Lee

Help with a fussy eater please

Recommended Posts

Hi, this isn't Lee I am his wife Ke'ala I couldn't be bothered making an account so thought I would use Lee's. Our 8 year old nephew has been living with us whilst his mom is undergoing treatment, when he first came to live with us he refused to eat anything I cooked but we didn't think he would be staying with us too long and his mom was unwell so we wanted to make him happy. We let him eat whatever he wanted, which was never healthy food it was always pizza, burgers and sweets. Now he has been with us for 4 months and it looks like he will be with us for a while longer so I think we need to get him eating good food. His mom told me he ate whatever she cooked for him all the time, she gave me a recipe for a shepherds pie and vegetables that he likes, I cooked it for him but he said he didn't like it and I gave in and cooked him a pizza. My husband and I don't have any children so we haven't had to deal with a child refusing to eat healthy or at least diverse food. Do you have any advice to convince my nephew to eat different food ? 

Share this post


Link to post
Share on other sites

Let him have a say via things like: 

-Help pick out things in the grocery store/cook book to make.  If he wants a pizza, he can have ONE pizza for the week- let him put it in the cart and then put rest of the things in there.  Once he eats that one pizza it's gone and we have to eat rest of the food.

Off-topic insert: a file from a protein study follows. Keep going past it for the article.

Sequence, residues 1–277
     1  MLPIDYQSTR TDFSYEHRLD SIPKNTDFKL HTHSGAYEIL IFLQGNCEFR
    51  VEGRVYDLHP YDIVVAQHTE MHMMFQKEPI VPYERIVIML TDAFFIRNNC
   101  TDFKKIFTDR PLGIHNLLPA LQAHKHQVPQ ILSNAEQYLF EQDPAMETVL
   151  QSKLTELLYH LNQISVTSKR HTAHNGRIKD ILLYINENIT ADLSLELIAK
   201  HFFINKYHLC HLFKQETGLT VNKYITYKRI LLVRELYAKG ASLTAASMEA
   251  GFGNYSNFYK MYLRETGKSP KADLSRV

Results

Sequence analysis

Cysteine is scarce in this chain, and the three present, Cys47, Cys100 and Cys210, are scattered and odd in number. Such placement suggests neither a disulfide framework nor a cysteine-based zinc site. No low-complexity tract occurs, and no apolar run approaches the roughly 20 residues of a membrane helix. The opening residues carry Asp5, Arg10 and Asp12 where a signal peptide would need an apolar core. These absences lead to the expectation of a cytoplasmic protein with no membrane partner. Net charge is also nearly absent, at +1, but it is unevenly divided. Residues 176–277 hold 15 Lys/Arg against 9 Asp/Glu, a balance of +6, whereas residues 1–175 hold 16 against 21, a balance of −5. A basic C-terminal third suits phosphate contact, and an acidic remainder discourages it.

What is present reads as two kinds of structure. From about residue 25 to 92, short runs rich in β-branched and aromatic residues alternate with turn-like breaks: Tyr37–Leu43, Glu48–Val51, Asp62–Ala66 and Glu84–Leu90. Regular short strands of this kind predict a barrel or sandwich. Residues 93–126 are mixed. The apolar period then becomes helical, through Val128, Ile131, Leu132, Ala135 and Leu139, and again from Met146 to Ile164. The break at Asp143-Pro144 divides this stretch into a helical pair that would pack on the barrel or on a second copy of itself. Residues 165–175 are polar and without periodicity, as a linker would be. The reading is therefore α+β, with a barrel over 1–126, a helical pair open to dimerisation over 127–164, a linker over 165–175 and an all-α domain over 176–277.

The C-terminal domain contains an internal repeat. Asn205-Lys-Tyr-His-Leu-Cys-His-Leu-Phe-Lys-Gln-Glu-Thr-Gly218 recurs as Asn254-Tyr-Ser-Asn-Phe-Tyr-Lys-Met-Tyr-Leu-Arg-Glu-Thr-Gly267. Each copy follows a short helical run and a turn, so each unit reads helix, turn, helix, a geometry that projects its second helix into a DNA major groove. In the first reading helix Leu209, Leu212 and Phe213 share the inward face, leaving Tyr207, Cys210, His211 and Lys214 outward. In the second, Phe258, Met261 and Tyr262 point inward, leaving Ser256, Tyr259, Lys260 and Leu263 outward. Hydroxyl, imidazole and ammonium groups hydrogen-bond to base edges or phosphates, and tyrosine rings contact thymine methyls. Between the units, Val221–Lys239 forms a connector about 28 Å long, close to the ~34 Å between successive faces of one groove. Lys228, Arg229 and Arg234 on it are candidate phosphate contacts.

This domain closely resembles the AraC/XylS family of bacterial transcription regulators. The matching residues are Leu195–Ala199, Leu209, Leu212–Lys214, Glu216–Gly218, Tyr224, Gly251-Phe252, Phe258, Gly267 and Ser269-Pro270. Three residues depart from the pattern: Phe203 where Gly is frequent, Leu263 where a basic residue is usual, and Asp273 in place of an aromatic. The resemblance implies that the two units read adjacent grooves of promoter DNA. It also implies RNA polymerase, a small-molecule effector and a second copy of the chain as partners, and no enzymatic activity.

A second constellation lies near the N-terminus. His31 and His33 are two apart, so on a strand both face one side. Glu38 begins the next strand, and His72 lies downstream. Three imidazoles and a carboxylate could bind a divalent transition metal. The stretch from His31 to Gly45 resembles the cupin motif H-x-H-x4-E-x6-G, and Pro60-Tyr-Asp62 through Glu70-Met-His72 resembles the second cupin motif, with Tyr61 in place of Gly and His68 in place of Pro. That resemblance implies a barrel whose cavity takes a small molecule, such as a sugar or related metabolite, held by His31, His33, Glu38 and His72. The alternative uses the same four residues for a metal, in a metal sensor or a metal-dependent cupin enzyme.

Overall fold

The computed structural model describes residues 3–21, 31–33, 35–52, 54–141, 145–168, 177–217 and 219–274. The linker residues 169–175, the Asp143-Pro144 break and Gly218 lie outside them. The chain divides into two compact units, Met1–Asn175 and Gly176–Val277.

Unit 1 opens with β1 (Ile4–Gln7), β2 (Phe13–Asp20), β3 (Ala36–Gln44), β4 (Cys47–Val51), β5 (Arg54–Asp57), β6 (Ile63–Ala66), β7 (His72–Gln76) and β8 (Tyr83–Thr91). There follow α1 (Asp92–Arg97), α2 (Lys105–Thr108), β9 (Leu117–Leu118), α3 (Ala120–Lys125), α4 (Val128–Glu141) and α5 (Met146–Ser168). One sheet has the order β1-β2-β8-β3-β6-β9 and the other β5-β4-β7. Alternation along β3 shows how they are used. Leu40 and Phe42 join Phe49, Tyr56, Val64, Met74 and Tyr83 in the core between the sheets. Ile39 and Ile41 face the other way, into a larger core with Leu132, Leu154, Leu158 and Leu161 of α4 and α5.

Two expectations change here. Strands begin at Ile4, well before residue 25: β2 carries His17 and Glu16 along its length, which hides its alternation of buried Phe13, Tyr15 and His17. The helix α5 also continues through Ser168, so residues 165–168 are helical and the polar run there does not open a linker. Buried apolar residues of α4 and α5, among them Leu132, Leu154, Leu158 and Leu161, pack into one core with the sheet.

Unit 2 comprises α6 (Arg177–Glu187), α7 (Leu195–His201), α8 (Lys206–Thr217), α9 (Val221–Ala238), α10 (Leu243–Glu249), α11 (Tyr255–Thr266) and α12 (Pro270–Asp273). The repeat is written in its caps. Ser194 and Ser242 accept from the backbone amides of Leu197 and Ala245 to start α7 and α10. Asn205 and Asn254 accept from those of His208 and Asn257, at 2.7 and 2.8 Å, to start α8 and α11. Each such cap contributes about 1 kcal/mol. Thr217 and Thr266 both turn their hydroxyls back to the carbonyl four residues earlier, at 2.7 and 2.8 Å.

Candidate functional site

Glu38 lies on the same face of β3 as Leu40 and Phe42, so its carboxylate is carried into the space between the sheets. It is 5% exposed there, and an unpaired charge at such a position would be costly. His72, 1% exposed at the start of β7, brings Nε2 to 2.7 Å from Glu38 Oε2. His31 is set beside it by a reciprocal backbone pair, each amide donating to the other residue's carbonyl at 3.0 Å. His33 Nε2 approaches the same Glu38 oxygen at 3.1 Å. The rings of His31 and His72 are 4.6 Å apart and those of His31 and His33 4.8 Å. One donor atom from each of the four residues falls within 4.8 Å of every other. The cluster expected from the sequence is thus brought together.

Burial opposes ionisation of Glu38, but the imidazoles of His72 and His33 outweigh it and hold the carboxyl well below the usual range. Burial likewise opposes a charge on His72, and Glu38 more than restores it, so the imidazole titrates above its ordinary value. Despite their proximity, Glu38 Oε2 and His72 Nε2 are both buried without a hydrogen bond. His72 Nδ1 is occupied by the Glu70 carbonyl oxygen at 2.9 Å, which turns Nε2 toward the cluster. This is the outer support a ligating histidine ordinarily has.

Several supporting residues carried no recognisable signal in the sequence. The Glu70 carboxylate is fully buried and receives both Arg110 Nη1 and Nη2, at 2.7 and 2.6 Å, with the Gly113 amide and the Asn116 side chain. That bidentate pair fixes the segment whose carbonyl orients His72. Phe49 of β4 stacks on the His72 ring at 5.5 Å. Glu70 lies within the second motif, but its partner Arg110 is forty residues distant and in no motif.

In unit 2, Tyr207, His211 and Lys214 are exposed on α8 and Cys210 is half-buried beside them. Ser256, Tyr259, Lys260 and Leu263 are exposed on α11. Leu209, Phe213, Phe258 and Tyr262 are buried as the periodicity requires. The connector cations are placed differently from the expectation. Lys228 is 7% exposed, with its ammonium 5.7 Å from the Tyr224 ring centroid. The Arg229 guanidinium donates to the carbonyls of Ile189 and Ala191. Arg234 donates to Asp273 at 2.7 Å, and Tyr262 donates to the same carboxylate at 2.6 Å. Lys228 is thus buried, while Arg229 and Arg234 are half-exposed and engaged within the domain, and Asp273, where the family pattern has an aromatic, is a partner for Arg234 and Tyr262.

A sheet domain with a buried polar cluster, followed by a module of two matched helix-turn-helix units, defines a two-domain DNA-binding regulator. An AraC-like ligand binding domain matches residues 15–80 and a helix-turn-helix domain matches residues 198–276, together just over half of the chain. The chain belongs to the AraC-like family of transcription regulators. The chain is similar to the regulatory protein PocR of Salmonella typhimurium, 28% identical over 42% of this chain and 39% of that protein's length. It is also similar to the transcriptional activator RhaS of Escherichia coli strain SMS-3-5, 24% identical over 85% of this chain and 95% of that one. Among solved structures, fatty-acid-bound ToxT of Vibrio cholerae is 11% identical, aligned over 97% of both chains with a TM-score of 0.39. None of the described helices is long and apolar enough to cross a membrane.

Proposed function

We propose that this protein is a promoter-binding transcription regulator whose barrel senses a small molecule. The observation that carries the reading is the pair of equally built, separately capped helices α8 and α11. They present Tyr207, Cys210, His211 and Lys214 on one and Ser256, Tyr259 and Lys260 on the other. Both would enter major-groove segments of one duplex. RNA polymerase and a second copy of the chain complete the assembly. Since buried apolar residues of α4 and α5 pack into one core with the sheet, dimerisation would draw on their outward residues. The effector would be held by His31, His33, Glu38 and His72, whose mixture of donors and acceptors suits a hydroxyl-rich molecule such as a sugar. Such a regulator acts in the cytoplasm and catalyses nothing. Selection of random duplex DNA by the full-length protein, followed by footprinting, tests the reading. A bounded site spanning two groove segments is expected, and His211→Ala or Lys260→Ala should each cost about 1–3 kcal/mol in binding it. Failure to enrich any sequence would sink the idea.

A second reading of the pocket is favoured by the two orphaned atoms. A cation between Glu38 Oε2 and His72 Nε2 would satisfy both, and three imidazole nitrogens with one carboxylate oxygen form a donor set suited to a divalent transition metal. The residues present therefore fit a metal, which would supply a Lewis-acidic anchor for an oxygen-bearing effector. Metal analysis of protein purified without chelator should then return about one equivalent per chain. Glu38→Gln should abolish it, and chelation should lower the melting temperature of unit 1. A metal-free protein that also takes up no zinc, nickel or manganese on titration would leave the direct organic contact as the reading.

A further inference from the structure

-Have him help cook.  It gives him a sense of ownership.

- If he picks 2 things to eat for dinner (like 2 sides), he has to eat one.  He can pick which one.

- Small portions.  Small = TINY.  And otherwise leave the plate empty.  It's less intimidating.

-The "no thank you" bite technique. 

-Don't cave.

Share this post


Link to post
Share on other sites

@Lee Dear Ke’ala. I am sorry that I have no advice but I DO sympathize. A relative of mine adopted from China and the baby refused to eat. In desperation, we took baby to Chinese markets and showed her food. We held fruits and vegetables up to her. Eventually she expressed mild interest in some Chinese fruits. A relative suggested sardines. These two foods were lifesavers.

I am not sure how old this child is but, can he read and understand ingredients? If so, how about a game in which he goes to the supermarket and selects some healthy food? One fruit, one vegetable?

Things some kids like: scrambled eggs, fried egg sandwich.

If worse comes to worst, buy small crusts and make your own pizza? Just some tomato sauce and cheese.

How about home made tacos or tortillas? Assemble at table.

Good luck!

Share this post


Link to post
Share on other sites
15 minutes ago, zil said:

What ever happened to the good old days when your parents gave you the choice between eating what they offered and going hungry?  Eventually, hunger will drive one to eat what's offered.

I was raised like that, my husband suggested doing that with our nephew but I don't feel comfortable letting someone's child go hungry when their care has been entrusted to us.

Share this post


Link to post
Share on other sites
2 minutes ago, Lee said:

I was raised like that, my husband suggested doing that with our nephew but I don't feel comfortable letting someone's child go hungry when their care has been entrusted to us.

IMO, unless the kid has known dietary problems (e.g. diabetes), or is suspected of having them, it's not going to do him any harm.  We fast two meals regularly (or are asked to) and don't die from it.  (It actually takes a long time to die of starvation.)  The kid will give in pretty quick, I'd guess.  But you're the ones who have to make the decisions.